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Scientists construct a stable one-dimensional metallic material

last modified May 31, 2017 03:49 PM

Researchers, from the Universities of Cambridge and Warwick, have developed the world’s thinnest metallic nanowire, which could be used to miniaturise many of the electronic components in use every day. The wire, made from a single string of tellurium atoms, is a true one-dimensional (1-D) material. These 1-D wires are produced inside extremely thin carbon nanotubes (CNTs) – hollow cylinders made of carbon atoms. The finished ‘extreme nanowires’ are less than a billionth of a metre in diameter – 10,000 times thinner than a human hair.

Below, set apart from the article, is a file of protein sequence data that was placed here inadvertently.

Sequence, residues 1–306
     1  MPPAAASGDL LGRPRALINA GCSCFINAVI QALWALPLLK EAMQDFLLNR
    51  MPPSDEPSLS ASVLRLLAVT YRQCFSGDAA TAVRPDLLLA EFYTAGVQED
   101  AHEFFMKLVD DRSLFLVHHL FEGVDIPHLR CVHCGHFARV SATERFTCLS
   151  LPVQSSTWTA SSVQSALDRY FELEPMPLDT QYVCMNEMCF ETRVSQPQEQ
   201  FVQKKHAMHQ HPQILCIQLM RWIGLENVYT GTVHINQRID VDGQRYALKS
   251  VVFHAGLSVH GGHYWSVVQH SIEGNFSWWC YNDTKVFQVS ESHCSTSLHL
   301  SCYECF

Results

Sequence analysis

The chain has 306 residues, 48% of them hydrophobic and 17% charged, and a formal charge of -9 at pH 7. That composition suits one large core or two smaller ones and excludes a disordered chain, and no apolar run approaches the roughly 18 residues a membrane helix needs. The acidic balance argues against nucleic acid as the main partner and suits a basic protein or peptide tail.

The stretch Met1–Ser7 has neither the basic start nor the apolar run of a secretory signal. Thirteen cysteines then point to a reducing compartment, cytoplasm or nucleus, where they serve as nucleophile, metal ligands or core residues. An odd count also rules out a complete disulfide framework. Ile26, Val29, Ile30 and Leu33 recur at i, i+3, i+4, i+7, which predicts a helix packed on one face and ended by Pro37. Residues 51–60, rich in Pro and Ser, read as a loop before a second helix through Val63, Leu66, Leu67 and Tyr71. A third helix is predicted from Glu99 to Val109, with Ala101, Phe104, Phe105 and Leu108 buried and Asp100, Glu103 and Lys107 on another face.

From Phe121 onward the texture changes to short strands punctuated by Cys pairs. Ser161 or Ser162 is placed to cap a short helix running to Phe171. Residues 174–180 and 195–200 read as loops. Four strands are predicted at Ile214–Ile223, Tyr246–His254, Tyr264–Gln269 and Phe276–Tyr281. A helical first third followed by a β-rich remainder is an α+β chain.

Encapsulating the nanowires is a useful method of making stable 1-D materials, and also necessary to prevent them from disintegrating. The researchers have also shown that it is possible to alter the shape and electronic behaviour of the nanowires by varying the diameters of the tubes which encapsulate them.

To make electronics faster and more powerful, more transistors need to be squeezed onto semiconductor chips. For the past 50 years, the number of transistors on a single chip has doubled every two years (Moore's Law). This is now getting close to the limit of how small a transistor can get before quantum effects associated with individual atoms and electrons start to interfere with its normal operation. Researchers are currently investigating various ways of keeping up with Moore’s law, and in turn keeping up with demand for faster, cheaper and more powerful electronics. 1-D materials could be one of the solutions to the challenge of miniaturisation.

Click here to read the full article.

Click here for access to the ACS Nano publication.

Click here for Dr Andrew Morris' research page.

 

Image credit: Paulo Medeiros (University of Warwick)